Cuyuna has 21 lakes, 15 of which are former iron ore mines. The water is clear now and scuba diving has found a home here along with fishing. Vegetation is now prevalent on the abandoned hills of mining waste; although the red rock roads and hills are stark reminders of the iron ore geology. Hiking is not a major focus here although one state trail goes through the park. After mistaking exploring back roads of private property next to the park, we viewed the park from the water level and then again from the top of two overlooks. There were just a few mountain bikers out; I guess most were in school. The trails certainly seemed challenging enough. They did not tempt us to try to rent a mountain bike, we will leave that for the more agile and adventurous.
Crow Wing State Park is thirty miles from Cuyuna and is much more your typical state park. Crow Wing was a gathering place at the confluence of the Crow Wing and Mississippi Rivers. The Dakota and Ojibwe gathered here in settlements. The Red River Oxcart Trail had one branch traveling through this area. This trail was the major trading route between St. Paul and Winnipeg. Fur traders and missionaries began a settlement here and the logging industry in Minnesota kept the town prosperous until the railroads laid their tracks through the neighboring community of Brainerd and Crow Wing as a town dried up.
At Crow Wing we were able to view the old town site, lined along the banks where the two rivers meet. A recreated boardwalk and building foundations give one a sense of life here 160 or so years ago. Canoeists on the river replaced the thousands of pine logs that would have floated down the river to sawmills downstream. A hike through the woods demonstrated the sandy soil of much of the area which keeps the trails dry. The hike presented a peaceful way to end the outdoor part of the day. The spa and buffet took care of the indoor portion.
Friday we headed east for 70 miles, back to the St. Croix River which forms much of the Minnesota-Wisconsin northern border. St. Croix State Park at 33,000 acres is our largest park. The St. Croix is joined here by the Kettle River, both active rivers duirng the lumbering period of the late 1800s. Most of the land was purchased when homesteaders tried, and failed, to make a living farming on the cut-over logging land. The Civilian Conservation Corps and Works Progress Administration constructed many of the park facilities still in use.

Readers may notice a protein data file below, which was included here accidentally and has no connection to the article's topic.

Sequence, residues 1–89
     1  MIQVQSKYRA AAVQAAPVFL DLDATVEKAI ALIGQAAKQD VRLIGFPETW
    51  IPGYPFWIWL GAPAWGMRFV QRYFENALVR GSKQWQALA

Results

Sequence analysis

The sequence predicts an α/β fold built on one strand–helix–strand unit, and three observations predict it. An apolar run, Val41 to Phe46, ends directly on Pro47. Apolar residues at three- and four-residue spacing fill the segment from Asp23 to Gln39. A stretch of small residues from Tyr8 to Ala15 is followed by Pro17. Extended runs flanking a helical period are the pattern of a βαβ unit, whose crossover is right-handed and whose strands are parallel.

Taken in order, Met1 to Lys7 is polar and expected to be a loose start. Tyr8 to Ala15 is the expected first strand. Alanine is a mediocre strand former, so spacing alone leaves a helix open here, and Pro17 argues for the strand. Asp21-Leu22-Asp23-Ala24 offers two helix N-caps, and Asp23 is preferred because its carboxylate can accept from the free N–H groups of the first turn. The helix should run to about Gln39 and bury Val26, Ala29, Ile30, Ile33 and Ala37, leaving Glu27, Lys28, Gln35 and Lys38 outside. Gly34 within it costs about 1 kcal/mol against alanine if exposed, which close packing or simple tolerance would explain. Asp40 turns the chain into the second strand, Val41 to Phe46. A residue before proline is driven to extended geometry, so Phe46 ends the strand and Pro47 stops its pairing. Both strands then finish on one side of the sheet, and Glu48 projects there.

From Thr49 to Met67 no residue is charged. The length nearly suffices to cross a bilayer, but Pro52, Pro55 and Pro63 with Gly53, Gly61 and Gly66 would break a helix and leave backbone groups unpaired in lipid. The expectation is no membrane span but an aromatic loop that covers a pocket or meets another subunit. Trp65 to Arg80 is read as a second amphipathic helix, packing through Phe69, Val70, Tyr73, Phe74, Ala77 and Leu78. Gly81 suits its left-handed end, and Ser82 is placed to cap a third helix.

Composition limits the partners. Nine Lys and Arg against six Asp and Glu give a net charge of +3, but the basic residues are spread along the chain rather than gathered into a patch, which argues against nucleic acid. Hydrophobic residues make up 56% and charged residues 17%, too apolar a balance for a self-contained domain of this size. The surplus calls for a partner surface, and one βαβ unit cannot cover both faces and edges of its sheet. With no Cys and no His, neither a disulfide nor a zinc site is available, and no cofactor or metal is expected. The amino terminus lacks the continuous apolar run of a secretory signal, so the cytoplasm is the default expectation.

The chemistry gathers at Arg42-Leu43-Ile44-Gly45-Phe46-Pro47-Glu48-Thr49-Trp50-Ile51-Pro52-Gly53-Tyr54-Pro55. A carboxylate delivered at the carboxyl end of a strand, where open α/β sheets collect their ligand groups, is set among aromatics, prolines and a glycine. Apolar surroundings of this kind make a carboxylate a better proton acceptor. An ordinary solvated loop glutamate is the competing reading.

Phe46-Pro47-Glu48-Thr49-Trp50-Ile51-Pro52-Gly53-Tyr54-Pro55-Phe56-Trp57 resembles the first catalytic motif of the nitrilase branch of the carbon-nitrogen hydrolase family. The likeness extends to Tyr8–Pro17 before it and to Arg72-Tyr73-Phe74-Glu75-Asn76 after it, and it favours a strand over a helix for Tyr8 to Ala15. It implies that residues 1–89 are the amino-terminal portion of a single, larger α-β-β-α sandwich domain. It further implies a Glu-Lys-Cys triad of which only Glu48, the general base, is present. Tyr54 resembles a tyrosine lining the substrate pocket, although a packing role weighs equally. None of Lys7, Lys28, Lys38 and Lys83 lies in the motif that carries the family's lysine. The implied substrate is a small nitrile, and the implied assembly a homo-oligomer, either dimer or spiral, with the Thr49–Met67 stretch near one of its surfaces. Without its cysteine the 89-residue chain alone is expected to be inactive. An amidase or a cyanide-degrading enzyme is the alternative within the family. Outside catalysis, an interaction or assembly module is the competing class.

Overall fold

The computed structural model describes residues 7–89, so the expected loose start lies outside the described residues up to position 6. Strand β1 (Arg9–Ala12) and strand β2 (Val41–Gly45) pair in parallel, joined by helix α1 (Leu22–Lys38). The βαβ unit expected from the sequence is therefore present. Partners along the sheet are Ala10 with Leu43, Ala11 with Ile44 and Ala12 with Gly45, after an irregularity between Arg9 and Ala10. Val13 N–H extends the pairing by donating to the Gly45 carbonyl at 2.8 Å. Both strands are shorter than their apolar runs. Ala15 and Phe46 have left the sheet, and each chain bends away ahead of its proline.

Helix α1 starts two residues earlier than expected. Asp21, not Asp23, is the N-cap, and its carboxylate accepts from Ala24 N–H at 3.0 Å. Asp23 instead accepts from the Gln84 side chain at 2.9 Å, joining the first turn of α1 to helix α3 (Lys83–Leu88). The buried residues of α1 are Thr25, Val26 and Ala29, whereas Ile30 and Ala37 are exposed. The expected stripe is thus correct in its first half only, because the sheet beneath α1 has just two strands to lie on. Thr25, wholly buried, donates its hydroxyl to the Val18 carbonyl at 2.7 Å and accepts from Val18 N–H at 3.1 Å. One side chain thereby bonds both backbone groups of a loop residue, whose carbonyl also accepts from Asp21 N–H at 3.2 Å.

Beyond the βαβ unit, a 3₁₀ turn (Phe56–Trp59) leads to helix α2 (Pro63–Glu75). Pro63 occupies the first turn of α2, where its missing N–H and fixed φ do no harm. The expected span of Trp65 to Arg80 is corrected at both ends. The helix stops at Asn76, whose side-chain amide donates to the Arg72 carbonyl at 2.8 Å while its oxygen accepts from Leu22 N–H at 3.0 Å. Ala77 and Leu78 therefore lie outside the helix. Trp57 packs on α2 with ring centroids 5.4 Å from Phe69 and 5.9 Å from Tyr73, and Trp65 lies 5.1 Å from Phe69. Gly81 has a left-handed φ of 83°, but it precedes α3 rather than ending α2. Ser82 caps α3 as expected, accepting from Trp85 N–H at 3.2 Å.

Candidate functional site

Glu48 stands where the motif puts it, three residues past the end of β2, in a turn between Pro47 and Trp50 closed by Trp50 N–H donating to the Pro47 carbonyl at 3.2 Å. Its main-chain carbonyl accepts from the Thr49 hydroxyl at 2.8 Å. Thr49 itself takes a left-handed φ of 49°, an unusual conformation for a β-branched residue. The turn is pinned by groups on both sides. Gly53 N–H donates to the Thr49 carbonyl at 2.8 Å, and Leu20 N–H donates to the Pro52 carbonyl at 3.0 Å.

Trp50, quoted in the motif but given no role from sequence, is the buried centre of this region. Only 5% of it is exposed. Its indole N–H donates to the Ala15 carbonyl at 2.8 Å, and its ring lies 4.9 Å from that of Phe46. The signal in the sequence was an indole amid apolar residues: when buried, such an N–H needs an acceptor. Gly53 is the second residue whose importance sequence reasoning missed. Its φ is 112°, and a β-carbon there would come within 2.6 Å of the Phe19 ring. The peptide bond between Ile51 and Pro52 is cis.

It took us 30 minutes of driving inside the park to reach our first destination; an overlook touting the “Head of the Rapids”. For once, it was more hype than reality. We retraced our steps partially and went for a nice hike along the Kettle River, spotting our second bald eagle of this trip. We checked out the camper cabins but they appeared to be less modern than my taste prefers. We also wasted time trying to get Chris’ State Park Passport book stamped. Normally there is a ranger at the main office or visitor center; when there is none, some form of outside stand will hold the stamps along with self registration and entrance fee paperwork. Neither option presented itself to us, despite returning to the office several times, stopping a carpenter who was working on a building, and driving through the staff only area in search of a ranger. We finally left and just wrote in the book: We Were Here-Really.
St. Croix is only 90 minutes from home so it was an easy drive back. Interstate 35 northbound was busy; Saturday was the first day of deer hunting season and the boys and their toys were gunning up the highway to be in place before the season started 30 minutes before dawn.
Ed and Chris